Sinningia helleri: One Year To The Next

When this species comes to the end of its growth in the autumn or winter, it is very tempting to cut it back at a point near the base, since by that time it will usually have developed a bare stem with a tuft of leaves at the top.  This may be a mistake.

More than one grower has noticed that plants cut back in this way may not resprout in the spring.  The growth habit of this species somewhat resembles that of Sinningia gigantifolia, to which is is related, both species being in the Sinningia clade.  The two species resume growth from a point at the top of the stem or near it.  Removing that point may leave the plant with no tissue from which to grow further.

Restarting the plant from seed is the best option for getting a more compact plant.  Another possible idea is rerooting the top of the plant after it is removed.

I speculate that this inability or at least unwillingness to put out new growth from the base of a stem might be one reason why this species was lost to cultivation a century ago.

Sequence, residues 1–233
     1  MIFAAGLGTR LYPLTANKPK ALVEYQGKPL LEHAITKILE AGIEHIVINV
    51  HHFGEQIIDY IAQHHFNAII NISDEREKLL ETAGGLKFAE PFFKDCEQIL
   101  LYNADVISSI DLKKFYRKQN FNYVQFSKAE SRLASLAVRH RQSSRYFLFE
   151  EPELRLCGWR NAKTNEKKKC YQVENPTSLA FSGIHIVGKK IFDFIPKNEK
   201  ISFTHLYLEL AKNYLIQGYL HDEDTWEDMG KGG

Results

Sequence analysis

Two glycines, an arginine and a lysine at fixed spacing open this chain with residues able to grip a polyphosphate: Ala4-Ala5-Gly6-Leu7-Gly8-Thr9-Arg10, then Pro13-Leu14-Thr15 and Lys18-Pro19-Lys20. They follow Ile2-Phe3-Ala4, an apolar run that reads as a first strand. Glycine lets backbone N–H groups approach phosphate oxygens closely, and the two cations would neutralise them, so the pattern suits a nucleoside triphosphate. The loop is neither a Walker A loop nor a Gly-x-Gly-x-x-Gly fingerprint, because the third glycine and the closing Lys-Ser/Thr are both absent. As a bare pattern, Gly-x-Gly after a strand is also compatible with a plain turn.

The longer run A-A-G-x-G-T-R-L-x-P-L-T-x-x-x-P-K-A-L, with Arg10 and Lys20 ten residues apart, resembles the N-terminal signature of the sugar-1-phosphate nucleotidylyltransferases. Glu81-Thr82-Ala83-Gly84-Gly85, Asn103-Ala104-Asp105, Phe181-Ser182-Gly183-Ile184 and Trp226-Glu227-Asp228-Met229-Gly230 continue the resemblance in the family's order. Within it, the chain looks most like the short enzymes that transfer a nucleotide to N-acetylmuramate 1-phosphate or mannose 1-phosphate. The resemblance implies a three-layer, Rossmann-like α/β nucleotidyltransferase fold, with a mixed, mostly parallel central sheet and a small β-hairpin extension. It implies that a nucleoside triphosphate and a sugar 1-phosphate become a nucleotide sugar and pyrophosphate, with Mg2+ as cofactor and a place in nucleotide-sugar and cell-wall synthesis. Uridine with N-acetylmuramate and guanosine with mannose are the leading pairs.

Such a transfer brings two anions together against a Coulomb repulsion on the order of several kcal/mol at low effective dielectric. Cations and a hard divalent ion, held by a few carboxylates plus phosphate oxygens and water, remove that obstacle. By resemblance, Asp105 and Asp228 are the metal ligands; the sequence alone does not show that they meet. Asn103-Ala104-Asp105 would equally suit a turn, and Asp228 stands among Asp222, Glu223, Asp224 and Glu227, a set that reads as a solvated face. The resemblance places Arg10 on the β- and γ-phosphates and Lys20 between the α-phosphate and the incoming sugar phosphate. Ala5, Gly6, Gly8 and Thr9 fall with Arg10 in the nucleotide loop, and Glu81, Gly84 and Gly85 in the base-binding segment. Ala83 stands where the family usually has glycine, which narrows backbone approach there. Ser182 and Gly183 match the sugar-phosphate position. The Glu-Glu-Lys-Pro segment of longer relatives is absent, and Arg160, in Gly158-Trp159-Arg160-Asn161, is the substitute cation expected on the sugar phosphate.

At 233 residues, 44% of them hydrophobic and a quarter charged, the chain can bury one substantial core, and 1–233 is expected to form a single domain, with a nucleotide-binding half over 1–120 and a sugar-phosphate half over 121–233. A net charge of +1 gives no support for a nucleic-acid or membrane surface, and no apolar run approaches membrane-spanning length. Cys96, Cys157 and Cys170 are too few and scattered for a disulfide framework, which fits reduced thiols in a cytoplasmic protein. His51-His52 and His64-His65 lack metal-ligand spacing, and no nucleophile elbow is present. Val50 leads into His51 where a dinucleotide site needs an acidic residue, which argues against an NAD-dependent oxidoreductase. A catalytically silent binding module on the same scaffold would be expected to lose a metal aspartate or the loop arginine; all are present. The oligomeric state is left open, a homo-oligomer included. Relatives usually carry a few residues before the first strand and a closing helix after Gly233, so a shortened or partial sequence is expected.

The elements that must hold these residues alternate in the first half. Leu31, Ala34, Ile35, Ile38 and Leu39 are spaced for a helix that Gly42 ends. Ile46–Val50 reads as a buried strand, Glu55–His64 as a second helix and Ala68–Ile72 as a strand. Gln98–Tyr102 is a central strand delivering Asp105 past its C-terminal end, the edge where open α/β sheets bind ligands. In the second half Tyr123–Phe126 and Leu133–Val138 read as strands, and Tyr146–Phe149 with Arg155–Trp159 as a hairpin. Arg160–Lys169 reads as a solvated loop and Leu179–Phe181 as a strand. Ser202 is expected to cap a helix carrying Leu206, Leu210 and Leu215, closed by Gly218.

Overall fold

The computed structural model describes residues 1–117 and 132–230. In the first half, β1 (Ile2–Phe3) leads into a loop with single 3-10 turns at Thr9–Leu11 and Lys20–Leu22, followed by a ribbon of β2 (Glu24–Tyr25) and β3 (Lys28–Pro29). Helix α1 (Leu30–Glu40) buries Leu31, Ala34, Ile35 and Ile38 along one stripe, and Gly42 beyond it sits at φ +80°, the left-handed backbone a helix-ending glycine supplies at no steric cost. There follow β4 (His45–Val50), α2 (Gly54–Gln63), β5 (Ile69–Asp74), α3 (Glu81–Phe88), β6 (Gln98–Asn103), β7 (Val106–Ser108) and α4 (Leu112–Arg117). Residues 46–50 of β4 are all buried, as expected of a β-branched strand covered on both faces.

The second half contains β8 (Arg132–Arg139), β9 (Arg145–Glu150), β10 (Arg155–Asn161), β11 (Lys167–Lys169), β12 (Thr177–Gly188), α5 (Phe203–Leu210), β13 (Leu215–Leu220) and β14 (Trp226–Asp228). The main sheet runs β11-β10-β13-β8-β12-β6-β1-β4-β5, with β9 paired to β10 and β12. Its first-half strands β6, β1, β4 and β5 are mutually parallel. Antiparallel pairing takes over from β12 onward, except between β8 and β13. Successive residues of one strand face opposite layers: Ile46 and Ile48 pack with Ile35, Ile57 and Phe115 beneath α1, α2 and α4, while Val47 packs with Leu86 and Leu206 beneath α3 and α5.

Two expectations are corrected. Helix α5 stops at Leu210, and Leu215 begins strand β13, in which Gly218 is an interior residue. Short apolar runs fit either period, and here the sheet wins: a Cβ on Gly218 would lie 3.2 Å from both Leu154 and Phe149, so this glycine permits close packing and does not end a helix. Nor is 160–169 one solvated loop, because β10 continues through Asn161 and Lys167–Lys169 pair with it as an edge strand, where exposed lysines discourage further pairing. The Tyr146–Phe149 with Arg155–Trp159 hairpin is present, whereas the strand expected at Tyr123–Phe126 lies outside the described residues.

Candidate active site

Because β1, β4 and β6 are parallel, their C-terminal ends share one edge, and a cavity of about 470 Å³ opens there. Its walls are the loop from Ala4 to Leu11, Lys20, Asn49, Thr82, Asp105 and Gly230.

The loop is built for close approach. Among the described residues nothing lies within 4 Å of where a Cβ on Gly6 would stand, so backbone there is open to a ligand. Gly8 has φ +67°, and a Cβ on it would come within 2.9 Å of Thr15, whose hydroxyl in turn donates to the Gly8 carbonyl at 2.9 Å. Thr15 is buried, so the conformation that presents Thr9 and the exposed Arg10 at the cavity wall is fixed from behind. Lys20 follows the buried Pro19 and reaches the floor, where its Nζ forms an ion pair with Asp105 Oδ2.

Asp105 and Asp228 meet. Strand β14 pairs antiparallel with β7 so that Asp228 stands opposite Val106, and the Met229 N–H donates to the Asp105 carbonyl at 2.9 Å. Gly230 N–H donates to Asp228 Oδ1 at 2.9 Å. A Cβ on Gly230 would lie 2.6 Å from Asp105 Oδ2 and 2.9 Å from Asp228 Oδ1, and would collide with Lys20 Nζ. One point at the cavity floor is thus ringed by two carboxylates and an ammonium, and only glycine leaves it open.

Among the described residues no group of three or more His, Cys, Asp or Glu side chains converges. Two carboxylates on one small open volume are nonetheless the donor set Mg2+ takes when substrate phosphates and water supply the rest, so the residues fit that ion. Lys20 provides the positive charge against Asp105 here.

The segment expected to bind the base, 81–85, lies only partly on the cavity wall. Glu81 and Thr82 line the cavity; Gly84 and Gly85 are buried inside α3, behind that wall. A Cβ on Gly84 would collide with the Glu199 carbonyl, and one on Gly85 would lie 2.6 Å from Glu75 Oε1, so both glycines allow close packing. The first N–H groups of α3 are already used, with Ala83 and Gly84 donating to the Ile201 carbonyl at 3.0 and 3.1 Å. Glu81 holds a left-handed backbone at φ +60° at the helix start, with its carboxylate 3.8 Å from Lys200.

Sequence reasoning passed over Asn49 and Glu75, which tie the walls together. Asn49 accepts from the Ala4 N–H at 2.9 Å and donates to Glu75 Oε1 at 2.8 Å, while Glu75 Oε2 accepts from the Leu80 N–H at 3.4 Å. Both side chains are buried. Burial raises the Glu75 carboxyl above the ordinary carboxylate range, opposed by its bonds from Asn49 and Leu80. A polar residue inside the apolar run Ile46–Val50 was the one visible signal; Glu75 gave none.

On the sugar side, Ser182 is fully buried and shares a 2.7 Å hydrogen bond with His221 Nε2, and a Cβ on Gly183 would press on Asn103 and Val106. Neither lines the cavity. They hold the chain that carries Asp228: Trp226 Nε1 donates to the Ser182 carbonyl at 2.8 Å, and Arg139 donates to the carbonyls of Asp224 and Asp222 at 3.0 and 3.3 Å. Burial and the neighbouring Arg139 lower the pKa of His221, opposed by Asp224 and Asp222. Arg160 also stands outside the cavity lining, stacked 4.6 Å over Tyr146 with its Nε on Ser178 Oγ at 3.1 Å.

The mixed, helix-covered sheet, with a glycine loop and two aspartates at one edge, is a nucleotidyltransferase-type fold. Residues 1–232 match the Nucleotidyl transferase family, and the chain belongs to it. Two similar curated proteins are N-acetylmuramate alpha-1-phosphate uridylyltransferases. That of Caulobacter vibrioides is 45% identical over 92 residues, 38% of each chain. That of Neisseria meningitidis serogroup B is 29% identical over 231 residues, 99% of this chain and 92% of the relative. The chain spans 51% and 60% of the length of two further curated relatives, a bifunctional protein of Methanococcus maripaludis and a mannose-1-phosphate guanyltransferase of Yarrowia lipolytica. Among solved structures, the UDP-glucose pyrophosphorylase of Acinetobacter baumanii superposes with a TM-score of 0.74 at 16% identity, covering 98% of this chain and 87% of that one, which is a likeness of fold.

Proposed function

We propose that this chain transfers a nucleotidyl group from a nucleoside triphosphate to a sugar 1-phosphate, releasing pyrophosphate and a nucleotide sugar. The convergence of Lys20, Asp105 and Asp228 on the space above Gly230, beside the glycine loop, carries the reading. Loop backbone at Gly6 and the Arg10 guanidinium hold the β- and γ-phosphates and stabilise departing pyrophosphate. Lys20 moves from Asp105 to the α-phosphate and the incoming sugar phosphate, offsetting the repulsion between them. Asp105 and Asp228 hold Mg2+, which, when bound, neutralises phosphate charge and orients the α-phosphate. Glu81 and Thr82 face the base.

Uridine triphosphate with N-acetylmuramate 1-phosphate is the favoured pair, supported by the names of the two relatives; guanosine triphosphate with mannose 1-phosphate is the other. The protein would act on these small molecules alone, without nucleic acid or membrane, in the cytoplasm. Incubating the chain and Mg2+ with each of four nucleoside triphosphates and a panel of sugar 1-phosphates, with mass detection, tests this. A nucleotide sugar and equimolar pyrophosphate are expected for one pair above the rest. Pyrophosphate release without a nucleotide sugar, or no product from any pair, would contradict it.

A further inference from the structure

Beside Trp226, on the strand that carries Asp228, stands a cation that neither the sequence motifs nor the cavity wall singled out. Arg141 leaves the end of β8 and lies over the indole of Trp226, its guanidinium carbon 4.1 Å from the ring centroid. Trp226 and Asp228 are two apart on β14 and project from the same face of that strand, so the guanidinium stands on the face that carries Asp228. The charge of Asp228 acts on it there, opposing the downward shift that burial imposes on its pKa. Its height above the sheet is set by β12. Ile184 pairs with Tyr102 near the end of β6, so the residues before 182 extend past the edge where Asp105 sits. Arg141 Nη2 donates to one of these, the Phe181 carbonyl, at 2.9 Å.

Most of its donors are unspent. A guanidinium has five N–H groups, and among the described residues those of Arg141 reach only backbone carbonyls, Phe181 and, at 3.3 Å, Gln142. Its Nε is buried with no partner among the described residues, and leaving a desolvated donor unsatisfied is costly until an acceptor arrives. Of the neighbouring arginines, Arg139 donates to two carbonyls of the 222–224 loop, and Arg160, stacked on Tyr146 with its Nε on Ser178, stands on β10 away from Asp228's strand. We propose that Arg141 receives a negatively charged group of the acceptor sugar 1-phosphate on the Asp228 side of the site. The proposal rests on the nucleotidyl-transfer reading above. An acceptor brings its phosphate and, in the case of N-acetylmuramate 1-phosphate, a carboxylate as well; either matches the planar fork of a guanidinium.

Growers may have cut the stem back to the tuber, as was the practice for many sinningias, both to conserve space and to give the plant a fresh start in the spring.  The result might instead have been loss of the plant.

The pictures below may show the natural rejuvenation behavior of this species.

Sinningia helleri coming out of dormancy, with dead leaves.

This picture and the one below were taken in January 2019. The plant is growing outdoors, in the company of three others of its species, all surviving temperatures in the low thirties F.

Sinningia helleri coming out of dormancy.

Most of the dead leaves have been cleared away to show the position of the new shoot, arising from the uppermost surviving axil of the previous year's stem.

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